XML.com FAQs > C. Authors of SGML (including writers of HTML: Web page owners)
Question:  C.10 Can XML use non-Latin characters?
Answer:

Yes, the XML Specification explicitly says XML uses ISO 10646, the international standard 31--bit character repertoire which covers most human (and some non-human) languages. This is currently congruent with Unicode and is planned to be superset of Unicode.

The spec says (2.2): `All XML processors must accept the UTF-8 and UTF-16 encodings of ISO 10646...' . UTF-8 is an encoding of Unicode into 8-bit characters: the first 128 are the same as ASCII, the rest are used to encode the rest of Unicode into sequences of between 2 and 6 bytes. UTF-8 in its single-octet form is therefore the same as ISO 646 IRV (ASCII), so you can continue to use ASCII for English or other unaccented languages using the Latin alphabet. Note that UTF-8 is incompatible with ISO 8859-1 (ISO Latin-1) after code point 126 decimal (the end of ASCII). UTF-16 is an encoding of Unicode into 16-bit characters, which lets it represent the next two planes. UTF-16 is incompatible with ASCII because it uses two 8-bit bytes per character.

`...the mechanisms for signalling which of the two are in use, and for bringing other encodings into play, are [...] in the discussion of character encodings.' The XML Specification explains how to specify in your XML file which coded character set you are using.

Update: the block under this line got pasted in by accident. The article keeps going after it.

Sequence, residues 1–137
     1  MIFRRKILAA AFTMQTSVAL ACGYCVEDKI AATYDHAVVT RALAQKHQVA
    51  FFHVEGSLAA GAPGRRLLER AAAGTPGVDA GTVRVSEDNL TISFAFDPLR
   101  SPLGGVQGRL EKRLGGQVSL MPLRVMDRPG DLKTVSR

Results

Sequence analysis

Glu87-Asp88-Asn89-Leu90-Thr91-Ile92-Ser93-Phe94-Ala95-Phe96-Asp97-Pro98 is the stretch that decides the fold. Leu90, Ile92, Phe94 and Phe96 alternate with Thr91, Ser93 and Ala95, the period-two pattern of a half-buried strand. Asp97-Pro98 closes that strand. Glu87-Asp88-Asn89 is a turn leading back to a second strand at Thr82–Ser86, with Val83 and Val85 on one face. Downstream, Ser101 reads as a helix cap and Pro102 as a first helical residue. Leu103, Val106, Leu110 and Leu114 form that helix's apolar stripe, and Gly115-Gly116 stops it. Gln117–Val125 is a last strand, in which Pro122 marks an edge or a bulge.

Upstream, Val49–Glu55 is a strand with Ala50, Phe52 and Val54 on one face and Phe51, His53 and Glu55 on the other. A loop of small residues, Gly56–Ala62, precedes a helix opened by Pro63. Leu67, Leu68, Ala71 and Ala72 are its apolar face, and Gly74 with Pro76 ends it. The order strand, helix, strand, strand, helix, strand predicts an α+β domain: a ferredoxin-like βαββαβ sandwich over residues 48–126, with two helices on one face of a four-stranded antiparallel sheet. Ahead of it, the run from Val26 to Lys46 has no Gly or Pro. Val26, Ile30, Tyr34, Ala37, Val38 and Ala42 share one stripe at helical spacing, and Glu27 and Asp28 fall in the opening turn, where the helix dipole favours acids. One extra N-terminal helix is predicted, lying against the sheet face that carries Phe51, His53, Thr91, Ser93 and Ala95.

Use of UCS-4 can only legally be specified in SGML or XML when the WebSGML Adaptations to ISO 8879 are implemented: this enables numbers longer than eight digits to be used in the SGML Declaration.

`Regardless of the specific encoding used, any character in the ISO 10646 character set may be referred to by the decimal or hexadecimal equivalent of its bit string' : so no matter which character set you personally use, you can still refer to specific individual characters from elsewhere in the encoded repertoire by using &#dddd; (decimal character code) or &#xHHHH; (hexadecimal character code, in uppercase). The terminology can get confusing, as can the numbers: see the ISO 10646 Concept Dictionary. Rick Jelliffe has XML-ized the ISO character entity sets. Mike Brown's encoding information at http://skew.org/xml/tutorial/ is a very useful explanation of the need for correct encoding. There is an excellent online database of glyphs and characters in many encodings from the Estonian Language Institute server at http://www.eki.ee/letter/.


This FAQ is from The XML FAQ, maintained by Peter Flynn